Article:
[00:05:14] Now we see the same type of studies done with pomegranate and AMPK activation, and it’s generally done in that setting of weight loss so that many of the studies with pomegranate extract have shown that through the power of the anthocyanidins derived from the pomegranate, we can induce this activation of AMPK. So AMPK is an activated protein kinase, and it really is so critical when it comes to the way that our body goes through both lipogenesis and lipolysis, so the creation of fat cells in the breaking down of fat cells. So with inadequate amounts of AMPK, the body can no longer break down fat properly. So this is why they’ve looked at these active constituents contained within both blueberry and pomegranate. And they said, “Wow, this is really very beneficial.”.† [00:06:14]
[00:06:15] And you can look at the nutritional facts on, you know, pomegranate and why utilizing the extracted form… you can see all of the the powerful ellagic acid that’s contained within that vitamin C, vitamin K, you’re getting choline. So obviously beneficial for brain health, liver health, natural, naturally-occurring magnesium, selenium, all of these different nutrients that are contained within pomegranate. And certainly when it comes to the scientific studies done on pomegranate, we can see across the spectrum from cardiovascular support to our joints for easing inflammation because we certainly know that oxidative stress can drive up a significant amount of damage within the joint spaces themselves. And then, of course, when you look at just metabolic health in general. And then when we’re looking at the anthocyanidins coming from the blueberry extract, we can see the optimal benefit that comes with the vascular support to the brain. And they’ve actually done MRI imaging where they can show how areas of the brain can become activated just through the utilization of blueberry extract, which is wonderful when we think about cognition, when we think about concentration.† [00:07:32]
[00:07:33] So through using this BlueGranate TxⓇ, you are getting all of those antioxidants that can help to stave off any of the damaging effects from oxidative stress and free radicals that we’re exposed to, or that are even generated from our own body. And at the same time, we’re helping facilitate the activation of all of these different pathways that can help to enhance the way that our bodies and our cells function each and every single day. So I definitely encourage you to check it out. Maybe you do have those concerns about that excess belly fat and maybe turning to something like the BlueGranate TxⓇ may be a good option for you. So put down that soda and pick up a bottle of the BlueGranate TxⓇ and see how wonderful that combination of blueberry and pomegranate is for your overall health and wellness.† [00:08:26]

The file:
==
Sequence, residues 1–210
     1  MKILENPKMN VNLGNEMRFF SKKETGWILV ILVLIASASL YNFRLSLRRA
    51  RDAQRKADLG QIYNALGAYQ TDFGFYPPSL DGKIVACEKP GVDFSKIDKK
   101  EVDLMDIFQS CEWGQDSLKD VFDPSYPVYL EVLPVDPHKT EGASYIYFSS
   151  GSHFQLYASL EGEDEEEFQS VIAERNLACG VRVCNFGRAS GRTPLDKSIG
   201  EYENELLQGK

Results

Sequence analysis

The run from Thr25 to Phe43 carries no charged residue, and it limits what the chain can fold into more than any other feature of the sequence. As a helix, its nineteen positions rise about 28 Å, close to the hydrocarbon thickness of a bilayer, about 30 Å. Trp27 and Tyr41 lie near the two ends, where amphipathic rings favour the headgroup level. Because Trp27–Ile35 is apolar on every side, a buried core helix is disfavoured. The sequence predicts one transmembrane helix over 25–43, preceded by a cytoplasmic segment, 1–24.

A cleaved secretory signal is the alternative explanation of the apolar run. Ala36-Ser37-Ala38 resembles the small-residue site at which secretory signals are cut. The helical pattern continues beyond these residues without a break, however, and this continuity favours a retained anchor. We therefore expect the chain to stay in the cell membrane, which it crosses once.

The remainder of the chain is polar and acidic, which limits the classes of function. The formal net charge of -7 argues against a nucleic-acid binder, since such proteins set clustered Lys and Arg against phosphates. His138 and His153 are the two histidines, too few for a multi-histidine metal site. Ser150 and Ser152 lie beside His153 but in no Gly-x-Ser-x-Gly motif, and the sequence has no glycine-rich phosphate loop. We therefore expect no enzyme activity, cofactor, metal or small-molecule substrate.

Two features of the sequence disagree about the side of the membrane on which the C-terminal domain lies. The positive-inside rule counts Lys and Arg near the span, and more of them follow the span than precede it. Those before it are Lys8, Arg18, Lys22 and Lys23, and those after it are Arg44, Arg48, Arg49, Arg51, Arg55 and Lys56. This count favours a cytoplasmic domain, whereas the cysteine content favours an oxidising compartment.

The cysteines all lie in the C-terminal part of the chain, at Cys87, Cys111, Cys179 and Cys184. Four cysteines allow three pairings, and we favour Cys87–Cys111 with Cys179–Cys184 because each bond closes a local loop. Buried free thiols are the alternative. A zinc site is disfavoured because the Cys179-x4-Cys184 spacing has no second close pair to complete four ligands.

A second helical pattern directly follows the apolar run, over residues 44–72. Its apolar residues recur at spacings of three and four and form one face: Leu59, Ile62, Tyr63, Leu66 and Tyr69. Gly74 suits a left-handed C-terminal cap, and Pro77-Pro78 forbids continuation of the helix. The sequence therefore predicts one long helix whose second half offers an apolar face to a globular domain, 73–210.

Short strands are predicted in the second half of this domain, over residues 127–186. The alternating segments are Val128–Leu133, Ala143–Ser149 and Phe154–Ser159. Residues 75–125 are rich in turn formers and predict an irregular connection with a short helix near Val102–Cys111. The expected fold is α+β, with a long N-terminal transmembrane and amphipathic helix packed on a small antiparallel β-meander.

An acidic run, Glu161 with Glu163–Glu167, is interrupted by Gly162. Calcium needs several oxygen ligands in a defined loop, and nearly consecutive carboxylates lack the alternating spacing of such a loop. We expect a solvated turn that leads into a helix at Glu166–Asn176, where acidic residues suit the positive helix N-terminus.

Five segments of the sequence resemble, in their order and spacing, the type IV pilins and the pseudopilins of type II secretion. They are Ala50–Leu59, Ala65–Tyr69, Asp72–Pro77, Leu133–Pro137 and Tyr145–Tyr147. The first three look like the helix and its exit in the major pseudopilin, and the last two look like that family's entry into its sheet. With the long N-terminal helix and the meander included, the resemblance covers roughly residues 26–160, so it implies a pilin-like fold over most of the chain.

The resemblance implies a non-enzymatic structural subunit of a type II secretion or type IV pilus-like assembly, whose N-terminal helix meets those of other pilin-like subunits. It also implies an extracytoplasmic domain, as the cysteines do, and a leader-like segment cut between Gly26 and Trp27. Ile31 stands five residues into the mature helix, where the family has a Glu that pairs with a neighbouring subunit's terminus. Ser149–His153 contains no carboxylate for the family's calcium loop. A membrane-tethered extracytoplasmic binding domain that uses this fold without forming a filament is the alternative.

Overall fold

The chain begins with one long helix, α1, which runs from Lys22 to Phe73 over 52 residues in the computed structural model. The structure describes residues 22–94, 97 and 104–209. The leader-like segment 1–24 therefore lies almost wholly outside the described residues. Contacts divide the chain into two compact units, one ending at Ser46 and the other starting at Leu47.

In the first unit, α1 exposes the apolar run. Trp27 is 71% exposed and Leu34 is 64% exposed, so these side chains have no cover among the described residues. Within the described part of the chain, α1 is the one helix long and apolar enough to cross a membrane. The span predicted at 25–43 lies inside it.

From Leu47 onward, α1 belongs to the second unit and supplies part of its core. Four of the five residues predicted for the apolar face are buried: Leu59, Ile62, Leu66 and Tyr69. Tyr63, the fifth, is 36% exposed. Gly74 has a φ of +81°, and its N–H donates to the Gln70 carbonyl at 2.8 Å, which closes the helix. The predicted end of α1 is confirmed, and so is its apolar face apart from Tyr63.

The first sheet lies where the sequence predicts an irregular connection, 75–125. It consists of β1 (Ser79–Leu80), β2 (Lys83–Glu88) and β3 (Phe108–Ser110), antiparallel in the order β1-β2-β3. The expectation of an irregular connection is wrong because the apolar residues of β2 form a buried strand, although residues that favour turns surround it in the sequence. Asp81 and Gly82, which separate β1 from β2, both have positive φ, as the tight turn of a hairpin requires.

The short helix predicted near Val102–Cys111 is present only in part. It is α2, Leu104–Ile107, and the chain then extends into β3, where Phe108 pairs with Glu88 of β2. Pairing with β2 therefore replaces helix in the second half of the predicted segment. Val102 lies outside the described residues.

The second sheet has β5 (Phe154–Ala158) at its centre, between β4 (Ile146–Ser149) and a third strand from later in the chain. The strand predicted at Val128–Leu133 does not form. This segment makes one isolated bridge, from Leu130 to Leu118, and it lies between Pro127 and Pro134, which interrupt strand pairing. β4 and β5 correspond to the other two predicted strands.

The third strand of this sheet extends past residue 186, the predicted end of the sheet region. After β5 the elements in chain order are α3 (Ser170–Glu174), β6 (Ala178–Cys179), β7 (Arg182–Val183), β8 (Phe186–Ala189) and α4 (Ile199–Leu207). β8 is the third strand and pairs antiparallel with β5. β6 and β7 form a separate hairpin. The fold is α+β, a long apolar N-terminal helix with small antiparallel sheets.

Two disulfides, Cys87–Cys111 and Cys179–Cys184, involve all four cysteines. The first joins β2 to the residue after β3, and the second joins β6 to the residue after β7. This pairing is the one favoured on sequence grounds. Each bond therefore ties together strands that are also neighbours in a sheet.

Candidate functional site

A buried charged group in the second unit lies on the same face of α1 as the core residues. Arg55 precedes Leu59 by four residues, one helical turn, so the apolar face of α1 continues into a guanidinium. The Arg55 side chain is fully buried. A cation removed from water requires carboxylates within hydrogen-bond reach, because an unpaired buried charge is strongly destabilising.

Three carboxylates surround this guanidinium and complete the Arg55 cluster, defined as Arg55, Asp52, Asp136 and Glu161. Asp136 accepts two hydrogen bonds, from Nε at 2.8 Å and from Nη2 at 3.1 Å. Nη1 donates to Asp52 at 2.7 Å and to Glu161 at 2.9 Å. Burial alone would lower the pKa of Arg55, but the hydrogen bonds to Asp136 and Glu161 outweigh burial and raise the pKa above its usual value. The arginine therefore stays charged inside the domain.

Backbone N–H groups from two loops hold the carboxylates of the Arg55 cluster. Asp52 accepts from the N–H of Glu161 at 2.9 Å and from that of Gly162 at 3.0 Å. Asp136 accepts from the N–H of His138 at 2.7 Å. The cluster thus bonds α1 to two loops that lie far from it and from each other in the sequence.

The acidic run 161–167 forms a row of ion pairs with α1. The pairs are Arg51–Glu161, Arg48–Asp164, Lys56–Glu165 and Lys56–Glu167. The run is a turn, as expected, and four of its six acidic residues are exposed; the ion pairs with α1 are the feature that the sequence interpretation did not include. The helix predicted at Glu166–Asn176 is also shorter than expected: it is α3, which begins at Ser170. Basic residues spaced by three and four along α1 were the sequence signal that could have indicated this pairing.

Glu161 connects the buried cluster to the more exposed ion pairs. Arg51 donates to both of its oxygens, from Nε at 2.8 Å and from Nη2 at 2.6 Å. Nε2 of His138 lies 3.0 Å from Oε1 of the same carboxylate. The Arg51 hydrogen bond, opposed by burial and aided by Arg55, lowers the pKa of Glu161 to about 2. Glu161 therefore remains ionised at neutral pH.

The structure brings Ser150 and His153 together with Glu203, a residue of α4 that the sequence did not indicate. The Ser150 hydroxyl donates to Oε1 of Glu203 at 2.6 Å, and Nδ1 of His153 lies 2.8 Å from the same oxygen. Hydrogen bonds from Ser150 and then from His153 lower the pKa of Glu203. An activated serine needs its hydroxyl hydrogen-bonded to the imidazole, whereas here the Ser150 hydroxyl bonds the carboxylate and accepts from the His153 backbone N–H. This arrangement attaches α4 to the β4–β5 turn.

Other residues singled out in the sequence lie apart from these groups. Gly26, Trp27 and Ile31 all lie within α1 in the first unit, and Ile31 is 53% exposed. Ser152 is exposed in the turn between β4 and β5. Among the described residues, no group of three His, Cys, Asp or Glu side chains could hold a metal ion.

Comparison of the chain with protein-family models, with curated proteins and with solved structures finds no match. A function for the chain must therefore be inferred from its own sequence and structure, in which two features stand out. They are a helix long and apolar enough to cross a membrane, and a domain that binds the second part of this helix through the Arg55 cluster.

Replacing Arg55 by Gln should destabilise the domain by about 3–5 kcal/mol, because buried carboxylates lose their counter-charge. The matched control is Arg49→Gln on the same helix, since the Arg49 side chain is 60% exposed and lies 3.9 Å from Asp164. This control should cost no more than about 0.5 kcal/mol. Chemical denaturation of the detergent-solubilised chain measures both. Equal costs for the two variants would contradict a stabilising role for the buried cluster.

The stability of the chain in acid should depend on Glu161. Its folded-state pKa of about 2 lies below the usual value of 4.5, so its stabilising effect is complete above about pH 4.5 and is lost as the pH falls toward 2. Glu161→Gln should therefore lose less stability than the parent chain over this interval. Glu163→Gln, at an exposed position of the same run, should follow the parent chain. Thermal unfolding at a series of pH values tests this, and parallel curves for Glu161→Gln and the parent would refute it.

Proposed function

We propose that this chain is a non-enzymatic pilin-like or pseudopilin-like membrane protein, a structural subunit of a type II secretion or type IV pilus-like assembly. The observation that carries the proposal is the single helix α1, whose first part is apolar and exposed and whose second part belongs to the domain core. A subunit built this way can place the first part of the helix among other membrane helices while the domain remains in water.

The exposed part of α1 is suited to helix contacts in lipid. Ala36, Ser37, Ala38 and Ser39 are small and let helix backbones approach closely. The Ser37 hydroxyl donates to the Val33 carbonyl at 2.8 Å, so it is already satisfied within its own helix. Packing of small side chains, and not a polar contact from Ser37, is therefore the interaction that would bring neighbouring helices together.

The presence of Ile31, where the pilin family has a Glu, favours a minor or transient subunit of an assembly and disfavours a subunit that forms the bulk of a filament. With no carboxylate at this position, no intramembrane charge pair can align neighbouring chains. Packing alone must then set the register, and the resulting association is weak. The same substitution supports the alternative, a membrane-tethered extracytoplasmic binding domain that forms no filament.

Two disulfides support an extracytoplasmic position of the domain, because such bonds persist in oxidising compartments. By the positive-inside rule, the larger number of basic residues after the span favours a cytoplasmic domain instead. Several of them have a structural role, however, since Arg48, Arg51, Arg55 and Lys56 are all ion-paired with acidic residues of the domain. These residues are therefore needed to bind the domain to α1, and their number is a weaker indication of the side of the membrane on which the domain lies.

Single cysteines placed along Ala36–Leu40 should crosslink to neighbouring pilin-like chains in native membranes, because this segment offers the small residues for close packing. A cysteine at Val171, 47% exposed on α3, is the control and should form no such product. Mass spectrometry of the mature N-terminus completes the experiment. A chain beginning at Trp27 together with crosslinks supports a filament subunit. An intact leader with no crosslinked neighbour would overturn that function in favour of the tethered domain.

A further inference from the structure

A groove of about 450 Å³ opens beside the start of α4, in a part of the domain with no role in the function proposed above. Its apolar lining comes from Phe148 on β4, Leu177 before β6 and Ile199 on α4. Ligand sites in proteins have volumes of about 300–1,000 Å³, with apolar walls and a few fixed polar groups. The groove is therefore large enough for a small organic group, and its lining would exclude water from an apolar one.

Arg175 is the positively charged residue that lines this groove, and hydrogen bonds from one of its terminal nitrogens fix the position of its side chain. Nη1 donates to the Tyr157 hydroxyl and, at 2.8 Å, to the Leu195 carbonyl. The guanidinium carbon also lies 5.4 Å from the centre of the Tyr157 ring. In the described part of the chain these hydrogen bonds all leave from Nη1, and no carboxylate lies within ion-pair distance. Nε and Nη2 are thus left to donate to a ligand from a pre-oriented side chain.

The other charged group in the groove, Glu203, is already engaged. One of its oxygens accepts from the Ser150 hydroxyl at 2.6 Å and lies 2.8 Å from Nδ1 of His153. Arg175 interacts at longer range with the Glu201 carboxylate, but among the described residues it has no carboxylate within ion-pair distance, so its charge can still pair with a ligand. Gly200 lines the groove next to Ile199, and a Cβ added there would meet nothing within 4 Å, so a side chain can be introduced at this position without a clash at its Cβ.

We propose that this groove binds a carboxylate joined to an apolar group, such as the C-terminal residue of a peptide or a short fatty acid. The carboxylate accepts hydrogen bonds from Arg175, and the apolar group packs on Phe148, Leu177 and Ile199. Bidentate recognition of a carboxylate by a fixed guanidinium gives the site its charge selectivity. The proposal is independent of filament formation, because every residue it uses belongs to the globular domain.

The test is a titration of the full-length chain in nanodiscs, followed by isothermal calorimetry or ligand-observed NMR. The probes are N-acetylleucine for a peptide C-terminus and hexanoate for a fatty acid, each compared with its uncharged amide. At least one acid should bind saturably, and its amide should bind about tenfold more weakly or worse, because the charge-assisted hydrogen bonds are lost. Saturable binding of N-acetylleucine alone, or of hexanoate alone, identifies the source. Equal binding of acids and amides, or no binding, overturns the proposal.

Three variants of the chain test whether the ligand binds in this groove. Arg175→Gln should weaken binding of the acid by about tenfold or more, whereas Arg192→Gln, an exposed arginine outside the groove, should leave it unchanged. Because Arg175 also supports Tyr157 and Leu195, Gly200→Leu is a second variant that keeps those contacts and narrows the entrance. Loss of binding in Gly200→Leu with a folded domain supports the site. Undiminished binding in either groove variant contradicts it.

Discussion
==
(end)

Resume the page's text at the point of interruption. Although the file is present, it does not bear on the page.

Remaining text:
[00:08:27] So that’s all that I have for you for today. I want to thank you so much for tuning in to the InViteⓇ Health Podcast. Remember, you can find all of our episodes for free wherever you listen to podcasts or by visiting invitehealth.com/podcast. Now do make sure that you subscribe and you leave us a review. You can follow us on Facebook, Twitter and Instagram @invitehealth and we will see you next time for another episode of the InViteⓇ Health Podcast.† [00:08:27]
Did you know that the drugs you are taking for issues such as allergies or high blood pressure may be causing sexual dysfunction? Many commonly-prescribed medications can lead to problems like low libido.
Cholesterol can be misunderstood. Many people think it’s bad for you, but your body also needs good cholesterol in order to function properly. Learn all about the differences between good and bad cholesterol and how you can support your overall health from Amanda Williams, MPH.
InViteⓇ Health Podcast, Episode hosted by Jerry Hickey, Ph.
Clogged arteries in the heart are very dangerous. It’s called coronary heart disease and it’s a really scary condition. They give statin drugs in an attempt to prevent this and it is helpful.†
What are statin drugs?
Statin drugs are cholesterol-lowering therapy. They’re used in patients with a history of heart disease, but they’re also used in people with clean arteries to help prevent it. When you lower a type of cholesterol called LDL, there’s a relationship to not building up plaque in the arteries. This plaque leads to horrible things like strokes and heart attacks.†